July 12, 2019
Bill C-97, Division 16: Tightened Restrictions on Inland Refugee Claims
On 21 June 2019, Parliament passed Bill C-97, also known as “An Act to implement certain provisions of the budget tabled in Parliament on March 19, 2019 and other measures.”
Division 16 of Bill C-97 introduced many important amendments to the Immigration and Refugee Protection Act (IRPA). This post will highlight some of those IRPA amendments.
Note that this post is not intended to be a complete account of the IRPA amendments – and certainly not a replacement for personalized legal advice. You should speak with an immigration lawyer before making any decision about your immigration or refugee matters. Further, how the amendments will be implemented remains to be seen, and the amendments may be implemented in ways that are not obvious from the text of Bill C-97 alone.
People seeking immigration advice should also read up on how Bill C-97 changes the regulation of immigration consultants, which is not covered here.
1. New Ground of Ineligibility for Inland Refugee Claims
People seeking refugee protection after coming to Canada will no longer be able to make a refugee claim to the Immigration Refugee Board (IRB) if they previously requested refugee protection from certain foreign countries.
Before C-97, asylum-seekers were already ineligible if they made a previous refugee claim inside Canada, or if they had successfully received protection abroad (among other grounds). Now, ineligibility has been extended to people who tried to claim abroad but never succeeded in those claims.
The rule only applies to foreign countries that have an information-sharing agreement/arrangement with Canada “to assist in the administration and enforcement of their immigration and citizenship laws”. Exactly what this means and which countries this covers remains to be tested. However, it certainly includes the USA, the UK, Australia, and New Zealand.
The rule is also limited to claims made after C-97 was introduced on 19 March 2019.
People found IRB-ineligible under this new rule will only be able to submit applications for a Pre-Removal Risk Assessment (PRRA). Unlike IRB proceedings, PRRA applications allow much less time to collect evidence, and had much lower rates of success. However, unlike most PRRA applications, a PRRA application by someone found IRB-ineligible under the new rule will be entitled to a hearing.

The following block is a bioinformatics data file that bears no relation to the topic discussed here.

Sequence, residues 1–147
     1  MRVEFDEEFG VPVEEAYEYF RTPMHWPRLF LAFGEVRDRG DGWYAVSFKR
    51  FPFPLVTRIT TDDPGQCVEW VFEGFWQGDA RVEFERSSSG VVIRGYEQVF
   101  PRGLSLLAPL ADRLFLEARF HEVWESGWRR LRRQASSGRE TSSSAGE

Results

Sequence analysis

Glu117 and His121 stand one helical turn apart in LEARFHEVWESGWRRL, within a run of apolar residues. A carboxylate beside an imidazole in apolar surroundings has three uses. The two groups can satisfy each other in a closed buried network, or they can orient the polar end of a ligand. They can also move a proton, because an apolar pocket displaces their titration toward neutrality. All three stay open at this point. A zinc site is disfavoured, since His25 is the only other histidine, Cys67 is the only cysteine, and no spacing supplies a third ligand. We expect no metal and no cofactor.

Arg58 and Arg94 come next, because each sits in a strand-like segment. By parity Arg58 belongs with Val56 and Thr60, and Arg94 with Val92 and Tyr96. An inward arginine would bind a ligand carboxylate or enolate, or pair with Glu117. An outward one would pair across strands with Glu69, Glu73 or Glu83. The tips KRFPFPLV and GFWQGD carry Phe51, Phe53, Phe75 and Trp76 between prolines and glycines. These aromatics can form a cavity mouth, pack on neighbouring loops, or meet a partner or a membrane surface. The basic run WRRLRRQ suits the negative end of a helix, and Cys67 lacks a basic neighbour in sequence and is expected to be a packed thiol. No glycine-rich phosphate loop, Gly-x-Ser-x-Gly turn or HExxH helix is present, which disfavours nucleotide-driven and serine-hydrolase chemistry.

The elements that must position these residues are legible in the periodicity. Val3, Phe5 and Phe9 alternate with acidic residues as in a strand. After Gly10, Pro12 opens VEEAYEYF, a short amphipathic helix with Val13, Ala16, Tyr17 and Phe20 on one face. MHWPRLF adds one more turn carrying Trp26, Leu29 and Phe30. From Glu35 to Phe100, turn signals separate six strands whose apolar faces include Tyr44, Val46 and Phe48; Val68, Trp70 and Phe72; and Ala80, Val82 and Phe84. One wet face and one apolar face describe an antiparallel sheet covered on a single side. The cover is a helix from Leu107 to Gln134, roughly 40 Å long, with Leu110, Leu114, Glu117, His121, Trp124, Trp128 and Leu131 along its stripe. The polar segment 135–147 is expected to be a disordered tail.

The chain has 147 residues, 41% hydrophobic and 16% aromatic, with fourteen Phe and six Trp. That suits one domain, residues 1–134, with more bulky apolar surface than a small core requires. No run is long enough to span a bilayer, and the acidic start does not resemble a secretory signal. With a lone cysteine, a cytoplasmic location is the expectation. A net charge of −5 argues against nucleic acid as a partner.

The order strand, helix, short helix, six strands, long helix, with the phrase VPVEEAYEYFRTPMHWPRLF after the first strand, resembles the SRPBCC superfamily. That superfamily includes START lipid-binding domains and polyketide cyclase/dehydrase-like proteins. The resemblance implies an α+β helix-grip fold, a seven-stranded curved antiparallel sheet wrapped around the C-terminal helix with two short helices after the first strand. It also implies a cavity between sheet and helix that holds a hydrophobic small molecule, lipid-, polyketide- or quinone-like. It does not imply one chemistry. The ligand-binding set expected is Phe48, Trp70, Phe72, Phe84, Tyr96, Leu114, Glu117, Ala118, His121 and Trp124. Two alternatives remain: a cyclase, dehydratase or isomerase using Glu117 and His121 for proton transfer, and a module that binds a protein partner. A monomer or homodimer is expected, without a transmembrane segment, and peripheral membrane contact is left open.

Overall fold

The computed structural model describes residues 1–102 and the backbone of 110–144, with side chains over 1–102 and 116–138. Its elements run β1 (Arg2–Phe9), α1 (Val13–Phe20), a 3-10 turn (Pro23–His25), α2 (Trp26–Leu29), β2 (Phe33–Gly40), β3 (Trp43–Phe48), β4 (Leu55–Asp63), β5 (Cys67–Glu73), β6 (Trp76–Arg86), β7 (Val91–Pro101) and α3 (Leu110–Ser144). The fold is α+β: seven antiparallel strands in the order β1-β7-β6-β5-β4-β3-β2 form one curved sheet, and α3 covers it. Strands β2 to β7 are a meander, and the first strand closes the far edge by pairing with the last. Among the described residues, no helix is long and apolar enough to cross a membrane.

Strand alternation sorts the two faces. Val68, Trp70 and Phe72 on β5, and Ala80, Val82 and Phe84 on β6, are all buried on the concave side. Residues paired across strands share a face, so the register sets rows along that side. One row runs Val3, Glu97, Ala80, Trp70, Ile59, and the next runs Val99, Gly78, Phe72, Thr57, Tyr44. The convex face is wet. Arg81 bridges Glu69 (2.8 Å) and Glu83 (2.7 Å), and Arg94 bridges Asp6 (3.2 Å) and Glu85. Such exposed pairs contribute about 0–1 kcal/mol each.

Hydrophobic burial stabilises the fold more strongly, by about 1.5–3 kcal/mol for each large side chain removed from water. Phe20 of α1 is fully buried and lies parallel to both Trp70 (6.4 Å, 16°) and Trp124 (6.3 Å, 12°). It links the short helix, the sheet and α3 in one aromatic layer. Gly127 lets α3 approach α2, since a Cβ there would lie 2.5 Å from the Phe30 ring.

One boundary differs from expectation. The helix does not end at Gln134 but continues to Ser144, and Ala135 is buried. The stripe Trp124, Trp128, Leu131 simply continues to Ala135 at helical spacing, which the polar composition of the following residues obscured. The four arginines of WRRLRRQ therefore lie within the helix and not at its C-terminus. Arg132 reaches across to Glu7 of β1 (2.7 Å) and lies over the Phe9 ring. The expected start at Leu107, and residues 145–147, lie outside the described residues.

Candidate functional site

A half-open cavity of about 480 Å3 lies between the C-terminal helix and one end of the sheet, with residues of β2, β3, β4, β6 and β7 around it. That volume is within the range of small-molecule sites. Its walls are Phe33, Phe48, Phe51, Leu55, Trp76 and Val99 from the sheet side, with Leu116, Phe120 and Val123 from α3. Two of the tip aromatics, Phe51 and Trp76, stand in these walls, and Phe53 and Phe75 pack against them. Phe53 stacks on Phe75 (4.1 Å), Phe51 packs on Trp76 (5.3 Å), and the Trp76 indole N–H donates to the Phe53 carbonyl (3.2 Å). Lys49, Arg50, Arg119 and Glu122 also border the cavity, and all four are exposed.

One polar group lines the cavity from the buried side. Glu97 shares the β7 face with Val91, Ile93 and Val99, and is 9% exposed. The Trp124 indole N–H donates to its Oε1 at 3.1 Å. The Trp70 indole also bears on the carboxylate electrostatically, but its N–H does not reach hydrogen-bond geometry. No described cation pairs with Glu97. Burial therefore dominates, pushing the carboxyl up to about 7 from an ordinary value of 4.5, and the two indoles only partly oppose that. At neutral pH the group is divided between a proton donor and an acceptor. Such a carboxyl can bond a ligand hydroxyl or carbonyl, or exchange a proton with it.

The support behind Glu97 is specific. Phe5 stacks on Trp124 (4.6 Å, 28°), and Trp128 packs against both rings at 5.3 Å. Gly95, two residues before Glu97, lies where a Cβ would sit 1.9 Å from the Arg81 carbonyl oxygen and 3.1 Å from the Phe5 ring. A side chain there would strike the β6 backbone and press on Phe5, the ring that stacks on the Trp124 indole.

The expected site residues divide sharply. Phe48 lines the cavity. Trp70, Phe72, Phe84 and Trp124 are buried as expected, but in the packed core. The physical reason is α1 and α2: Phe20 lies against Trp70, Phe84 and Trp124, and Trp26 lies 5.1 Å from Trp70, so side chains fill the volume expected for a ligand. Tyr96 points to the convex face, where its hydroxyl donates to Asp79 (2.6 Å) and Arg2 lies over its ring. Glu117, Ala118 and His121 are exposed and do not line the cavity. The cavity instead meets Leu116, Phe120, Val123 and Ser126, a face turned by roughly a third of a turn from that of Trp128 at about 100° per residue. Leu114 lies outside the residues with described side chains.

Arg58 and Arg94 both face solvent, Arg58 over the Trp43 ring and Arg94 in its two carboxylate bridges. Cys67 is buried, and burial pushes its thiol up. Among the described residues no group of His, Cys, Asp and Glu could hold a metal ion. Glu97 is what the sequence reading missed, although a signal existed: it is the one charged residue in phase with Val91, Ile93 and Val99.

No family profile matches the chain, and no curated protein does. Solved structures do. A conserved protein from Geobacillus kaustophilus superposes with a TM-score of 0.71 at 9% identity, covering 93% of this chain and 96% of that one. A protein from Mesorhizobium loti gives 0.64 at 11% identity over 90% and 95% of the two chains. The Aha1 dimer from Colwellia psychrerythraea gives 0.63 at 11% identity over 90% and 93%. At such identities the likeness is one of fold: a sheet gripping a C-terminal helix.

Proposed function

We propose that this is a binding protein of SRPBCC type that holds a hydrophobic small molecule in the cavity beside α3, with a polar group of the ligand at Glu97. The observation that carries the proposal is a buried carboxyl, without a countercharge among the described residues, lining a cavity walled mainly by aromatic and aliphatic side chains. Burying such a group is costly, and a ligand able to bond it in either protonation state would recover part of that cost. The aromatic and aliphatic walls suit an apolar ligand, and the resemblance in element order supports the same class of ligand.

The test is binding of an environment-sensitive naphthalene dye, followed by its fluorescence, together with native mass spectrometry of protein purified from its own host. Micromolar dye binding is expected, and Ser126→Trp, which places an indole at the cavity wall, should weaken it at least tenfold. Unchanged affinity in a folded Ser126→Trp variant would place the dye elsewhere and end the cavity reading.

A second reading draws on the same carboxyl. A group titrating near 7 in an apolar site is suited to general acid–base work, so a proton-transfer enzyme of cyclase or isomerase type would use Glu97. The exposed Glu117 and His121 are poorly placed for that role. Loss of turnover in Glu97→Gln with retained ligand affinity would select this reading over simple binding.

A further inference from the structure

People affected by the rule are also barred from applying for a Temporary Resident Permit (not to be confused with a Visitor, Study, or Work visa/permit) during the processing of any PRRA application.
This expanded ineligibility rule is troubling. There are several situations why someone who genuinely needs protection might have claimed elsewhere but not succeeded in getting or maintaining protection:
- Some countries will accept refugee claims, but delay processing of those claims indefinitely.
- Some countries do not recognize the same grounds for protection as Canada (ex. the USA does not protect survivors of state-endorsed domestic violence, whereas Canada does)
- A refugee may flee their country to seek protection, only to find their persecutors followed them to a second country.
- A refugee may flee their home country to make a claim, but return after it seems persecution has ended – only to realize there is still persecution and flee again (ex. where a promising new government eventually turns out just as bad as the oppressive one they replaced)
2. Federal Court proceedings will extend the time refused asylum-seekers are barred from making H&C, TRP, and PRRA applications
If a refused refugee claimant asks the Federal Court the review an IRB refusal, and the Federal Court does not rule in their favour, it will extend the time they are barred from making certain applications.
If someone makes a refugee claim to the IRB, and that claim is refused by a division of the IRB, they cannot make certain immigration applications until one year has passed from the last refusal. Previously, a refused refugee claimant could ask the Federal Court to review the IRB’s refusal without extending that one-year bar – even if the Court’s decided against the claimant. This has now changed. If the Federal Court rules against the claimant, or if the claimant withdraws/abandons their Federal Court proceedings, the bar will be renewed for one year from that moment.
Applications that fall under the one-year bar are as follows:
- An application for Permanent Residence on humanitarian and compassionate grounds
- An application for a Temporary Resident Permit
- An application for a Pre-Removal Risk Assessment
Fortunately, the exceptions to the one-year bar have not changed. It will not apply to people who would be denied life-sustaining medical care if removed, or people whose removal would hurt a child’s best interests.
3. To pressure foreign governments into cooperating with removals from Canada, Temporary Residents can be targeted
If the Canadian government believes that the government of a foreign country is unreasonably refusing/delaying the issuance of travel documents to their citizens who are in Canada, the government now has an explicit power to stop accepting applications for Worker, Student, or Visitor status from citizens of that country in retaliation – and even suspend or terminate in-process applications.
This move appears designed to pressure foreign governments into providing the travel documents necessary to remove their citizens from Canada.
4. New listed immigration objective
IPRA now lists an additional 12th objective for Canada’s immigration system: “to maintain, through the establishment of fair and efficient procedures, the integrity of the Canadian immigration system”. Interestingly, this has been a stated goal of Canada’s refugee protection system since 2003 in slightly different terms, but not a stated goal for immigration generally.
For more information on Refugee Claims, please click here.